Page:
Recently, a Superior Court judge in Riverside County issued a ruling overturning California’s assisted-suicide law. As expected, the ruling has been challenged. Still, I am grateful because it offers us an opportunity to revisit important questions about what constitutes healthcare – especially at the end of life – and about good governance. Acknowledging the strong emotions from deeply personal stories that accompany discussions about end of life, we nonetheless have a duty to develop policy based on the integrity of the human person and the common good. We need to discuss facts, rather than determining policy based on emotion and manipulated sentimentalism.
I’d like to focus on two key parts of the ruling. First, it determined “[the] End of Life Act does not fall within the scope of access to healthcare services.” We need to have an open and honest conversation about the definition of healthcare.
When someone commits suicide alone, we rightly call that a tragedy. If the person can be stopped during the attempt, he is given medical assistance to deter him from making the same choice again. However, when a medical professional assists someone to commit suicide, even if he is terminally ill, some would like to call that a form of healthcare. Yet, the acts are the same. Both are intent on taking the life of the individual, regardless of whether he is assisted or unassisted.
At the beginning of this month, my brother bishops and I in California, published “Hope and Healing,” a letter on mental health. Based on our pastoral work, we see an ever-increasing need to provide better resources to those who suffer from mental illnesses and to reduce the stigma surrounding these many difficult conditions, including those who reach a point where it seems that they no longer want to live. We need to ask what we can do to provide better healthcare for those who reach such a desperate state of mind. To walk away from our responsibilities to our brothers and sisters, even if such action is sanitized by legislation, only condemns them to their illness, one which even may be predominantly mental and not physical.
Stephanie Packer, a resident in our diocese, experienced firsthand the fallout of the End of Life Option Act. She suffers from a terminal illness. After the act was passed, she was denied chemotherapy. Instead, her insurance company offered her “aid-in-dying” drugs for $1.20. Stephanie wants to live and she has joined efforts here and in other states to work against assisted suicide. But the legislation enabled her insurance to deny her healthcare, offering a death sentence instead.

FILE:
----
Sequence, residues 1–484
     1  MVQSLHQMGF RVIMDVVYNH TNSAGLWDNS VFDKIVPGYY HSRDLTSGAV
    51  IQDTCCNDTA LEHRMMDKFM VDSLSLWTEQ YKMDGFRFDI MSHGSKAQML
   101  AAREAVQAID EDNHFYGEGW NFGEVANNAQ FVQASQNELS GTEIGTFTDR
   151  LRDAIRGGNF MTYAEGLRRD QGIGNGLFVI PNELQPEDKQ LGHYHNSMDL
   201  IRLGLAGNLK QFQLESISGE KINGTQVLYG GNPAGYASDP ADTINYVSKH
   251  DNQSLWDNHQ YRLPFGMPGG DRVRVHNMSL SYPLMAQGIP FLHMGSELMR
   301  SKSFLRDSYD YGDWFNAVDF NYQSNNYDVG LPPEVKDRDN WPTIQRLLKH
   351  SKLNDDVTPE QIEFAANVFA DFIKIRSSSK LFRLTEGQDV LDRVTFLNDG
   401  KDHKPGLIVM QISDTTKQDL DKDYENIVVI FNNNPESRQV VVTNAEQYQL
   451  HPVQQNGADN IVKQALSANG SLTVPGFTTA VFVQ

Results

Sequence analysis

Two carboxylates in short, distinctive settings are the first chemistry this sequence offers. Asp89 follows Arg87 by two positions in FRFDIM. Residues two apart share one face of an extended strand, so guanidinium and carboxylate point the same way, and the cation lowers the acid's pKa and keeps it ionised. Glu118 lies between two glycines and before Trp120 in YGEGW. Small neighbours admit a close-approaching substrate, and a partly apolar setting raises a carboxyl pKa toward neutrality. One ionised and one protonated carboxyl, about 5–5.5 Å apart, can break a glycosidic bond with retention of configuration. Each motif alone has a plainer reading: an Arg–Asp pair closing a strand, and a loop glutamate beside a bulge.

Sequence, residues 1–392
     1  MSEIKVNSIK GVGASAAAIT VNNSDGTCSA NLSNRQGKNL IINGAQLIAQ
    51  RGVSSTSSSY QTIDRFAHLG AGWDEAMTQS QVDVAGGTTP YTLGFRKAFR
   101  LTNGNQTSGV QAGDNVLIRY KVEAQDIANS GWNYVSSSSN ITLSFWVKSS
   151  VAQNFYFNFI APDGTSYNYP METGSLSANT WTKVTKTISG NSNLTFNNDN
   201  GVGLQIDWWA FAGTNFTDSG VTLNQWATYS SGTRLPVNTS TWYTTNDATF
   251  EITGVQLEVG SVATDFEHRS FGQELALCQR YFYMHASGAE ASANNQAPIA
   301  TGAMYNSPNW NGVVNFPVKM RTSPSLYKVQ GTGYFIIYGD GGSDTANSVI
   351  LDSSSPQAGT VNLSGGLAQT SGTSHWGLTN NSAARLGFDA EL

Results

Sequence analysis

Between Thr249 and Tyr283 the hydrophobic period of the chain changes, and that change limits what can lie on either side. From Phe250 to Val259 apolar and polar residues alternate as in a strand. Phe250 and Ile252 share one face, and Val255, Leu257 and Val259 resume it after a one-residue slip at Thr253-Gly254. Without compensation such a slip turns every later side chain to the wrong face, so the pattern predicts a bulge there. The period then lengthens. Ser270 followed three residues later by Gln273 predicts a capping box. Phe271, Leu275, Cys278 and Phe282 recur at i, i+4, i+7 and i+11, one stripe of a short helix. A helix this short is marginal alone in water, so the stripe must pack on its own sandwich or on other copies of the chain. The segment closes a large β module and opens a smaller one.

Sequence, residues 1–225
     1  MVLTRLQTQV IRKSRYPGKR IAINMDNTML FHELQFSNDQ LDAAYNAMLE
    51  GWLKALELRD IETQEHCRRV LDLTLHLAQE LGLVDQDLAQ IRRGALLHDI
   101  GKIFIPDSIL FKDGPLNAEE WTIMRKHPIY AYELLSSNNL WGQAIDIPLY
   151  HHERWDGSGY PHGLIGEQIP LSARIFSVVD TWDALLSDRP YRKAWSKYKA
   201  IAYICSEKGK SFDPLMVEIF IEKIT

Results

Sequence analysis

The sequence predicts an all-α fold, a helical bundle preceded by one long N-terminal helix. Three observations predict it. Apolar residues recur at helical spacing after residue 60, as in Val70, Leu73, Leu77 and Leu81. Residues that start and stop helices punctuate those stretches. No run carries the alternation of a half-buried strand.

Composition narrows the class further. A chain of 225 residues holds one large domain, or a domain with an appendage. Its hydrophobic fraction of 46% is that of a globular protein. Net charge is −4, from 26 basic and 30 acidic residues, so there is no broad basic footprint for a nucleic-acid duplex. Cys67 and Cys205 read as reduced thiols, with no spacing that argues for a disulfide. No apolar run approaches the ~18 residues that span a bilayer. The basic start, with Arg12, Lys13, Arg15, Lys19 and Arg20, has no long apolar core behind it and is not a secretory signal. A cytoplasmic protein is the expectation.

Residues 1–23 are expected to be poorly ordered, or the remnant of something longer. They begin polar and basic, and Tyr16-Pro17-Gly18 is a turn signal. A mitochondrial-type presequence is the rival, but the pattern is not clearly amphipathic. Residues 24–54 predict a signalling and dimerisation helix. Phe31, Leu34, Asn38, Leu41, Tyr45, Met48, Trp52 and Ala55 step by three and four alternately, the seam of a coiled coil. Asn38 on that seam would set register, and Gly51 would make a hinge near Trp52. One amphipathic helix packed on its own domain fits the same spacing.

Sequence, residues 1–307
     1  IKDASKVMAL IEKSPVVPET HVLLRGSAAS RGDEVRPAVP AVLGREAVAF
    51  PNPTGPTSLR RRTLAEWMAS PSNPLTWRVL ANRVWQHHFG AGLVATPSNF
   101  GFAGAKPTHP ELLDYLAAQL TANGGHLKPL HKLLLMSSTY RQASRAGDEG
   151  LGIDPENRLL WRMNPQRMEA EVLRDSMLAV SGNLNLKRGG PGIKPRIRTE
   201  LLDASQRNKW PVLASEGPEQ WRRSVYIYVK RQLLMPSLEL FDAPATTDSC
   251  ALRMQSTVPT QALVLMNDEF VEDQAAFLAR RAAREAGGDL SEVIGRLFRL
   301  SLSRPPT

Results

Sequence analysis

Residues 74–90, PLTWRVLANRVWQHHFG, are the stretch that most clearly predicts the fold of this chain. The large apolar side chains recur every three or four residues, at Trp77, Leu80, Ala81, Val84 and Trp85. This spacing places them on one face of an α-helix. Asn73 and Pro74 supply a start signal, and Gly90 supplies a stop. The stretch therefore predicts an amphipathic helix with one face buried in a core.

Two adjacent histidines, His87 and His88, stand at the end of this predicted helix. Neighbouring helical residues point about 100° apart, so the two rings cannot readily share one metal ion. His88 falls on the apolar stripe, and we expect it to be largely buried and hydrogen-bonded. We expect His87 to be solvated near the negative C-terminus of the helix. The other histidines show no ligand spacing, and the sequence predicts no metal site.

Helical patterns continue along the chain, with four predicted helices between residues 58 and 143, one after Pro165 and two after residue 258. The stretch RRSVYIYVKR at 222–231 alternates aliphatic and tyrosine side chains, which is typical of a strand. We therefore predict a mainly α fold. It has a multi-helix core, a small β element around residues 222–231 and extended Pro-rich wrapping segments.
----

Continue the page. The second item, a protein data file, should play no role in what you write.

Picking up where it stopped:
The principle “do no harm” has governed healthcare for millennia. With this ruling, we are prompted to take another look at this issue and really focus on the question of healthcare.
This ruling also affords us the opportunity to discuss the way in which the legislation was passed. Because it could not get through a regular session of our state legislature, advocates of assisted suicide pushed it through a special session dedicated to healthcare funding. However, as we have consistently maintained, along with many, many dedicated healthcare professionals, assisted suicide is not healthcare. The court found similarly and, therefore, ruled the law invalid because the legislature is prohibited from enacting bills that are not specific to the subject of the proclamation of an extraordinary legislative session.
We are a nation that has thrived for over 200 years in part because we are governed by the rule of law. But when lawmakers themselves do not use the legislative and legal processes with the transparency and honesty that the rule of law demands, we run the risk of undermining one of the most fundamental aspects of our nation.
Doctors, nurses, seniors and the disabled community, worked with us to witness the integrity of human life which should never be hidden, regardless of the circumstances. Additionally, individuals from various minority groups have voiced to me their concerns that legislation like this uniquely disadvantages them because their communities not infrequently lack resources that the others do not.
I am particularly grateful to the Life Legal Defense Foundation, a group of excellent attorneys who work to defend life at all stages, from conception until natural death. Without their dedication this legal victory would not have been possible. Please support them with your prayers and any other way that you can. Their work is far from over.
Meanwhile, in Orange County, we join with the statewide Whole Person Care Initiative between Catholic health care ministries, dioceses, and parishes in moving forward the conversations and actions to help our loved ones know that they are loved, wanted, and worthy as they contemplate the end of their lives.
We are hosting “Care, Prepare, and Connect” trainings at parishes to help parish leaders and communities continue to improve our accompaniment of families and individuals in need, address access across the continuum of care, Advance Care Planning, and how to start the conversations.
As you all know, building a culture of life requires many components – legal and legislative to name a few. But it also means changing hearts and minds. That starts with our own personal prayer and conversion which should manifest itself in the way that we treat others, particularly those who are suffering the most. I am grateful for your continued support and efforts in these many facets required to build a culture of life.